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Paper art: Past and present
Published in Daily News Egypt on 10 - 02 - 2010

It is the thinnest and the most beautiful. These words are used to describe the fiber extracted from the Ganpi shrub that is the primary raw material for making Washi, traditional Japanese handmade paper.
And the admirer is Kyoko Ibe, who has been working with the paper fiber for more than 30 years with the intention of using her artwork to "show people the power of fiber.
As we increasingly embrace electronic commerce and move towards a paperless economy, the functional aspects of paper have diminished. Mohamed Abouelnaga and the Japanese artist Kyoko Ibe present the aesthetic role of paper in the "Paper Tales exhibition currently on display at the Darb 1718 center.
Ibe has taken her work to five continents and is dedicated to going beyond the functional aspect of paper to illuminate this "symbolic part of Japanese culture.
"I like Egypt because of papyrus, says Ibe. Papyrus was used for writing until the Chinese invented the art of paper-making around 200 BC; and the Japanese embraced paper by using it for almost all purposes of living, including clothing. As children, most of us worked with Origami crafts to create beautiful shapes.
Ibe deals with paper as an artist, moving away from the traditional uses of paper and creating fine art pieces for museums, large-scale installations in public places and a wide range of interior products.
Of the work currently on exhibit at Darb, I particularly like the "inverted wave creation in white that adorns the interior of a hotel in Kyoto, Japan and is made of acrylic laminated Washi.
"I always think of my installations as a three-dimensional drawing in space. How to layout the elements in a space is exactly the same as how a painter draws lines or paints on a surface, explains Ibe.
Ibe corroborates with seventh generation traditional hand paper-makers in Japan to produce Washi. The process is done almost entirely by hand, without the use of chemicals, thereby minimizing environmental pollution. Ultimately the fiber that remains constitutes a mere 2 to 3 percent of the original raw material.
Japan has a longstanding tradition of recycling paper, with the earliest record of recycled paper dating to 901 AD. In fact, in the past, the Japanese Washi was so precious that no single sheet of paper was wasted and records were written on both sides. When the records were no longer needed, the paper was reused as layering material in the construction of traditional sliding doors and folding screens.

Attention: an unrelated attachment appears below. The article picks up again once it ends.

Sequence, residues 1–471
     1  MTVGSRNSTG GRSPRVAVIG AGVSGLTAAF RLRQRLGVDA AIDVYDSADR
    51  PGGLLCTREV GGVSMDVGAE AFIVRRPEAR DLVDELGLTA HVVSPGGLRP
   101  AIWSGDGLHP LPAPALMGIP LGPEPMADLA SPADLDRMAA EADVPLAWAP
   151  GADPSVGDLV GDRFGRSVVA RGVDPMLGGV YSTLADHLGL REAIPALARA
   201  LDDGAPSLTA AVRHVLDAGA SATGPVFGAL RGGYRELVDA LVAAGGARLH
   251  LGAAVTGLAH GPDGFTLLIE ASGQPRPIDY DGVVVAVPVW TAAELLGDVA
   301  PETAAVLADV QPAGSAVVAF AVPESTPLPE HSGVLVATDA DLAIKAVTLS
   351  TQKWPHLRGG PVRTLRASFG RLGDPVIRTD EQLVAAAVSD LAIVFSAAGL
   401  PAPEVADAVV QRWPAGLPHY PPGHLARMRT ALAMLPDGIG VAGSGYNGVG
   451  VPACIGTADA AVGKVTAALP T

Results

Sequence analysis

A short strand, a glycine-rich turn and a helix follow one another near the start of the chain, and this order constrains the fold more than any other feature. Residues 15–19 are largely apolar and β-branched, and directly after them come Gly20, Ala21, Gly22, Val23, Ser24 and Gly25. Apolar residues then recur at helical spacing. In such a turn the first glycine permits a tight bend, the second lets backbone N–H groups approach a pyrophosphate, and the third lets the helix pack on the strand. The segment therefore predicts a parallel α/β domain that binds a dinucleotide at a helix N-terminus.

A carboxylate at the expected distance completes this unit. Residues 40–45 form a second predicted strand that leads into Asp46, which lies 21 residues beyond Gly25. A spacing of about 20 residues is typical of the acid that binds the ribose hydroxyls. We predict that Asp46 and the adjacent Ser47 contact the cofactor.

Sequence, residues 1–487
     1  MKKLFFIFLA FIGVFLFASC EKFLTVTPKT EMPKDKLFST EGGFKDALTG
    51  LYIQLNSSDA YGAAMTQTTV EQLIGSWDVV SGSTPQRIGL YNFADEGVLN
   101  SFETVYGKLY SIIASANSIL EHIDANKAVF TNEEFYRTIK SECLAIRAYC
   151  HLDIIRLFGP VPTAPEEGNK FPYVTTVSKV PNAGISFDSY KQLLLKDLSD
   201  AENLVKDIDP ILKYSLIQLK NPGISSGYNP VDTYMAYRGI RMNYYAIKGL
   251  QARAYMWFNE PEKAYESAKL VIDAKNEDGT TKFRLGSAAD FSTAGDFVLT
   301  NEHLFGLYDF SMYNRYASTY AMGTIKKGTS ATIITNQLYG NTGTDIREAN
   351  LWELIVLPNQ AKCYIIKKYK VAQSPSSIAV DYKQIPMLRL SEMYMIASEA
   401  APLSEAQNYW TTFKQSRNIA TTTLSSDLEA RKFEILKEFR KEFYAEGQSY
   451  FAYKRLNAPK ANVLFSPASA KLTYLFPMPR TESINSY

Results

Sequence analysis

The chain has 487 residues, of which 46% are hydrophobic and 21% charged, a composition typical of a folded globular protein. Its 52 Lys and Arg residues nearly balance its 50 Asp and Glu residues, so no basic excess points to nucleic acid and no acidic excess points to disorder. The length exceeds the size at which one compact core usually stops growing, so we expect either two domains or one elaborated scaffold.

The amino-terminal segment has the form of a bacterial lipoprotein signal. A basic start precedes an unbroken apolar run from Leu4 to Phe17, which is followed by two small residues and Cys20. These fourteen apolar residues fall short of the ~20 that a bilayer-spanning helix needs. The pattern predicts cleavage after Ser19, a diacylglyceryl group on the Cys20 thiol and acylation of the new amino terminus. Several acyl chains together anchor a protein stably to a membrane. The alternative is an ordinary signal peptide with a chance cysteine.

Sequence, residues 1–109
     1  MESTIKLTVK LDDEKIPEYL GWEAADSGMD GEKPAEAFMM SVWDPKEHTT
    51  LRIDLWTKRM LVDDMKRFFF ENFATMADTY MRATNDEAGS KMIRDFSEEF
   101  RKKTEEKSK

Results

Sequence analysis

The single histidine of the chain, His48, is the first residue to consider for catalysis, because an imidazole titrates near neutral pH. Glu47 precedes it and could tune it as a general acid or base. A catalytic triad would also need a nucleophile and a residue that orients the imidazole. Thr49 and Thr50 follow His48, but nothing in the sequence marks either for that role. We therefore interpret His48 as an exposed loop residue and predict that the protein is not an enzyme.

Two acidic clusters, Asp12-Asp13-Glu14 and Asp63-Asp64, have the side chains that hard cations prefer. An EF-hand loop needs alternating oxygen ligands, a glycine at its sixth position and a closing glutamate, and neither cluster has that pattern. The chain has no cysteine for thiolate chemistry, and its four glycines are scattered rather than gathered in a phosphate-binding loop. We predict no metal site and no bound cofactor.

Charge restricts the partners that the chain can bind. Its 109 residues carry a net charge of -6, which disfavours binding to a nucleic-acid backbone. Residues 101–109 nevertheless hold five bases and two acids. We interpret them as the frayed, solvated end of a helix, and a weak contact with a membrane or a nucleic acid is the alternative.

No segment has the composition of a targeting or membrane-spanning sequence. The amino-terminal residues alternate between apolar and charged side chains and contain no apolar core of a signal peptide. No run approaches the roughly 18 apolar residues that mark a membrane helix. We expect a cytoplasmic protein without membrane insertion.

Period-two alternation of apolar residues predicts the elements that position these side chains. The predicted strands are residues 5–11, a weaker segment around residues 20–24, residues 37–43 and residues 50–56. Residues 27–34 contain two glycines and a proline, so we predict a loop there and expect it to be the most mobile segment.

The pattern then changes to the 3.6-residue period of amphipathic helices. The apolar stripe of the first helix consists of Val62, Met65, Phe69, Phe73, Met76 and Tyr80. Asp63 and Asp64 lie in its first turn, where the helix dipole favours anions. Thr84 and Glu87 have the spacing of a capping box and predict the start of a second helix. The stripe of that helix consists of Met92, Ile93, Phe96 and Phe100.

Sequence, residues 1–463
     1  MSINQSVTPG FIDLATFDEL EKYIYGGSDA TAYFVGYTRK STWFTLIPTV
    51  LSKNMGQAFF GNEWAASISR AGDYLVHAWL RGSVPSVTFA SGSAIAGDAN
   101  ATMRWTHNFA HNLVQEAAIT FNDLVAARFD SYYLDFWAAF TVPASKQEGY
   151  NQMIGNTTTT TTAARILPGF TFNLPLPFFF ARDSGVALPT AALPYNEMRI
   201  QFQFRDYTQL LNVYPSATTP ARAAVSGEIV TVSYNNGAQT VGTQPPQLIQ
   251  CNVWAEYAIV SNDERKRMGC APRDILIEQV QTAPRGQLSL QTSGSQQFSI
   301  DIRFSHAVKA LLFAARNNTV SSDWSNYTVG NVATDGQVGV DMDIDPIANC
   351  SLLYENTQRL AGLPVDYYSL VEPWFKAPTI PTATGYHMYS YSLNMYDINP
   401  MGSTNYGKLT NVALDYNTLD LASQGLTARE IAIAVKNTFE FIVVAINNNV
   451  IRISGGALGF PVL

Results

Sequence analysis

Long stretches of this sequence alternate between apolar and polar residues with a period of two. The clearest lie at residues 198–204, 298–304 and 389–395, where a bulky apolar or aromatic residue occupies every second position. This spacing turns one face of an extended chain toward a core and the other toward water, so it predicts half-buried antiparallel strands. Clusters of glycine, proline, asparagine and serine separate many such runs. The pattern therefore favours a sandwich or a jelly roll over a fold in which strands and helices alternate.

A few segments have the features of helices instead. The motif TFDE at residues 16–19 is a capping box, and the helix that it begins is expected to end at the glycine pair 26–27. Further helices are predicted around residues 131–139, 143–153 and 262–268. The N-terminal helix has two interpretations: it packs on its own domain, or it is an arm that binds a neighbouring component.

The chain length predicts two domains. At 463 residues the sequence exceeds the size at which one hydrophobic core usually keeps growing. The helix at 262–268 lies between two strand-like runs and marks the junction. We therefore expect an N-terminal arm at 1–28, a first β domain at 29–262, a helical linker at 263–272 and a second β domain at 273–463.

When Washi is recycled, traces of the ink applied to the original surface remain in the fibers even after immersion in water, as if it is trying to tell about its past. The current exhibition is aptly titled "Paper Tales as Ibe builds on this tradition of recycling.
Some of Ibe's artwork is made of recycled Ganpi paper dating back around 100 years. She embellishes her artwork with calligraphy cut from official documents and textbooks, written about 200 years ago, as well as mica particles. She also experiments with shredded office computer paper and newspaper.
Whereas Ibe is influenced by Washi's cultural past, Abouelnaga draws inspiration from the reflection of shop windows.
For Abouelnaga, "paper means culture, and not only technique.
He finds paper to be closest to nature. The artwork in his new series "Vetrina (literally shop window), combine different kinds of paper such as cotton, linen, papyrus and Washi. He says, "Mixing paper is like having a dialogue between different cultures.
Abouelnaga uses mixed techniques by printing photographs on paper and then working on them with different colors and materials.
On his travels to different parts of the world, Abouelnaga photographed shop windows, which he describes as reflecting the character and culture of a place, giving him insight into the socio-economic structure of a society. He blends these photographs with different kinds of paper and other materials to reflect his personal vision.
Aboulelnaga rues the fact that despite being the country that gave the world papyrus, there are not many exponents of paper art in Egypt.
Ibe talks about paper as if it is a living thing, and she says Washi is felt to be a living thing because of its flexible and accommodating nature.
Darb 1718, Kasr El-Shame' St., Al Fakhareen, Old Cairo. Tel: (02) 2361 0511.

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